March 6, 2017. by Heather Hay
To learn about how food choices affect health, the environment, and animals an information presentation with a question and answer session is scheduled for March 23rd at 10:30 am in the Richard Barr Room on Main Campus, according to Anna Rose Daigle.
Daigle is a Humane Educator from the Ethical Choices Program , and said the educational organization’s goal is, through school presentations, to stimulate critical thinking while giving people the information and tools they need to make informed food choices.
She said “We often don’t realize what a profound impact our choices may have on others. If one person decides to change the course of their health and their footprint on the planet, a dialogue begins with family and friends, and with that dialogue, a chance to share the science behind all those seemingly harmless decisions we make so many times a day.”
Daigle advises students interested in getting involved in environmental issues politically to “start meet up groups, engage in friendly dialogue, ask questions, share your research with friends, family, and strangers, engage with your community, meet like-minded individuals, and be kind!”
She recommends that those interested in ethical choices education take courses in environmental sciences and nutrition.
Daigle said “I love my job. I remember the exact moment I was made aware of the impacts of animal agriculture. I felt betrayed and alone in my hurt and anger. My goal is to make sure my audience knows that they are not alone in any of the feelings that come up in the presentation.”
Daigle elaborated on what students may see as obstacles to transitioning to a plant based diet.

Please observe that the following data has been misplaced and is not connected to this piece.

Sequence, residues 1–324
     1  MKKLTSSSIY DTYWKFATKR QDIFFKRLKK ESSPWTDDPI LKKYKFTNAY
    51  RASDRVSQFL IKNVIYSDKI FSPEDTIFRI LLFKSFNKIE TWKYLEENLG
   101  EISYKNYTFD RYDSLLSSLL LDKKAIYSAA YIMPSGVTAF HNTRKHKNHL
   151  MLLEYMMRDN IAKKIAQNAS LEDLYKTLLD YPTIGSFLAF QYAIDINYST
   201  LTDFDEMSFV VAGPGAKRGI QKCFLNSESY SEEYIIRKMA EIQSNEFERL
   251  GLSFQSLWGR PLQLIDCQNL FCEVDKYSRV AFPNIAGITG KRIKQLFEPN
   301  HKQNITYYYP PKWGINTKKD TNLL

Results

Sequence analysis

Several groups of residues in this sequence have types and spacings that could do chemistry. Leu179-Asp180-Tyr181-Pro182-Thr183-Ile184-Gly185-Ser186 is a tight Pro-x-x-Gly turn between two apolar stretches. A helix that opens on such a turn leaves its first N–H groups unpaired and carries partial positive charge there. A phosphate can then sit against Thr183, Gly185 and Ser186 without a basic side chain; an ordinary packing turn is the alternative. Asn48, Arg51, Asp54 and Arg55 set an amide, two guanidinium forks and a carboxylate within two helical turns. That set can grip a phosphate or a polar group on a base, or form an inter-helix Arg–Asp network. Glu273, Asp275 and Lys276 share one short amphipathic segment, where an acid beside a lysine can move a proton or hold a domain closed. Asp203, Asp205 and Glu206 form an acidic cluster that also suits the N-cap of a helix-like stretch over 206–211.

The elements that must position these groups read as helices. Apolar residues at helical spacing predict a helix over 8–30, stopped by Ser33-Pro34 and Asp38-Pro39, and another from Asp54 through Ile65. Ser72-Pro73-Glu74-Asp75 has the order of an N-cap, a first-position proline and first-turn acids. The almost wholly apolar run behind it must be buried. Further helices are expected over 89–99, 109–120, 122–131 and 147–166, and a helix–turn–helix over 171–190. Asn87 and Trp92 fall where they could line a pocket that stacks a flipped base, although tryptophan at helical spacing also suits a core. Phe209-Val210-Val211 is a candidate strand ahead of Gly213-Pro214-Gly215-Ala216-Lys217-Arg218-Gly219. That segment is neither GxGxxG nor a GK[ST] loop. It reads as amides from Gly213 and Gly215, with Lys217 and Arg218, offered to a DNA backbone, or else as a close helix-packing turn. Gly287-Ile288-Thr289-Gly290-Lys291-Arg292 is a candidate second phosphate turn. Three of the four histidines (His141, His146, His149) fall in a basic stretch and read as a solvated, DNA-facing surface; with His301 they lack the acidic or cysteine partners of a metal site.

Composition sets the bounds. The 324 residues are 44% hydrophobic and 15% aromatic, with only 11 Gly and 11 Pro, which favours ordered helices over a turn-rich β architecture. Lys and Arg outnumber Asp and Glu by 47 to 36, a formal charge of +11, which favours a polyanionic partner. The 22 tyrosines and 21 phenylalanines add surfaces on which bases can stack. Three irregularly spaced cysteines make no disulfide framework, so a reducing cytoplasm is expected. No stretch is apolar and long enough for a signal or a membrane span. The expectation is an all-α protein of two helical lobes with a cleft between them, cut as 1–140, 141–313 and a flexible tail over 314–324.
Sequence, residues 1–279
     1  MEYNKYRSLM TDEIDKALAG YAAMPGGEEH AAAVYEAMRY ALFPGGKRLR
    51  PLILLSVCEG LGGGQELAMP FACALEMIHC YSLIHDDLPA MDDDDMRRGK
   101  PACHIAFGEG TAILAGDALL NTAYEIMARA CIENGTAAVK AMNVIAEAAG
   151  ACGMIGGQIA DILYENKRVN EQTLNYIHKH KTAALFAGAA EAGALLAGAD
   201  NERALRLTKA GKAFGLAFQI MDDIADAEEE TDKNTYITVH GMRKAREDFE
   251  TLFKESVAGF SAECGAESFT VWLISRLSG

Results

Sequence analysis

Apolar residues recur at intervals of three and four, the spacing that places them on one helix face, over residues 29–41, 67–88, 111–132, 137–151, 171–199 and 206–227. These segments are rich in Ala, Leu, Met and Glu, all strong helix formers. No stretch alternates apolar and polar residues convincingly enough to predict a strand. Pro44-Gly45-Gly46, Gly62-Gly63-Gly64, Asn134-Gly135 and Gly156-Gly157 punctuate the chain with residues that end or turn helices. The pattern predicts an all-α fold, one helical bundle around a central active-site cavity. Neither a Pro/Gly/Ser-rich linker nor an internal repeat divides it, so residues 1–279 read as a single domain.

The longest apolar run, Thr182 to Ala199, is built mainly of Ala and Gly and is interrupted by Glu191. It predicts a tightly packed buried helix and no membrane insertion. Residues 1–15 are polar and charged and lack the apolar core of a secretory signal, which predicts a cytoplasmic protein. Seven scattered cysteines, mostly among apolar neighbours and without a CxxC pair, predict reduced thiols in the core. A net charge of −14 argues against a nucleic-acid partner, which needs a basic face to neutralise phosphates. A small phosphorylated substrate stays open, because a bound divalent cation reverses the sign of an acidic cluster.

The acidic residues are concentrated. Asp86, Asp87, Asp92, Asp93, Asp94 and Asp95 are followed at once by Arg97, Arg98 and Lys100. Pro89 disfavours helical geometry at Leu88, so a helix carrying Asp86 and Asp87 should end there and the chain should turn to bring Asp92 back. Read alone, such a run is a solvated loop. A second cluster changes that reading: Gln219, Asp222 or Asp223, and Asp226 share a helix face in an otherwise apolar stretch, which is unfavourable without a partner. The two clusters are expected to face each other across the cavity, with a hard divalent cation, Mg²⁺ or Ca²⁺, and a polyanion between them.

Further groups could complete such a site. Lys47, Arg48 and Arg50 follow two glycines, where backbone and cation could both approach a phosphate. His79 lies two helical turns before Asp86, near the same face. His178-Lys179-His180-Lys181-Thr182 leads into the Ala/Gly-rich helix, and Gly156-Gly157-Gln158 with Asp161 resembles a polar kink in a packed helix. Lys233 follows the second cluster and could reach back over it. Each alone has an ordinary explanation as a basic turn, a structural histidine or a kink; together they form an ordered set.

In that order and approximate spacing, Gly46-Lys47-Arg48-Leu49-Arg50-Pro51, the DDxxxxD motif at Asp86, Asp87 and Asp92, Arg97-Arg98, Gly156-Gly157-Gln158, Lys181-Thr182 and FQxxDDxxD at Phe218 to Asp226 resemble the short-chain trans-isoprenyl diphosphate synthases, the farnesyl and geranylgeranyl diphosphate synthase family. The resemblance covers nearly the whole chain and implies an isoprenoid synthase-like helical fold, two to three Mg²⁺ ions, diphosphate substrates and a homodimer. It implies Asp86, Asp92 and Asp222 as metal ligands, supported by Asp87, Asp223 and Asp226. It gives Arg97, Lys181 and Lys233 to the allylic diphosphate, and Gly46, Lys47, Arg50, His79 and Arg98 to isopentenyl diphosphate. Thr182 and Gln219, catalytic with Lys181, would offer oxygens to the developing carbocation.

“At first, switching to a plant based diet may feel inconvenient; asking if this has cheese or if that is made with milk. Like any lifestyle change, there is a period of adjustment, but luckily our complex and intelligent bodies make those changes a little easier for us,” she said.
She also said that friends and family “may find your decision strange or difficult to comprehend, but often those initial feelings of apprehension dissipate once your healthy choices become the new normal.”
Eating foods low in cholesterol and saturated fat will give you more energy, make you feel better and even reverse the process of disease and inflammation, she said.
Colleges across the country have been adding more plant-based options to their regular menus and a great example is The University of Northern Texas which has just opened a fully-plant based dining hall, she said.
According to the Vegan Report Card Ranking the University of Northern Texas received an A+ ranking with a student satisfaction rating of 94% of the availability of vegan food on college campuses by creating the Mean Greens Cafe, an entirely plant based cafe.
As a comparison, the only college in New Mexico to receive an A rating is New Mexico State University, although none of the colleges in New Mexico responded to their request to be surveyed.
Daigle now lives in South Carolina as a result of participating in the National Student Exchange through the University of New Mexico, where she majored in University Studies.
When asked what led to her decision to move after graduating she explained that because of her love for the show True Blood she said that everyone the show “looked so glistening and beautiful in that small Louisiana town. I had never been to the deep South, so I figured I’d give it a shot. I picked the dot (the school on the exchange map I was shown) closest to the ocean on the other side of the country and before I knew it I was standing in Charleston, SC on a particularly balmy August day. I sweat through two shirts that day and have never once mastered glistening.”
Promotional photograph at the top of the story was provided by Anna Rose Daigle.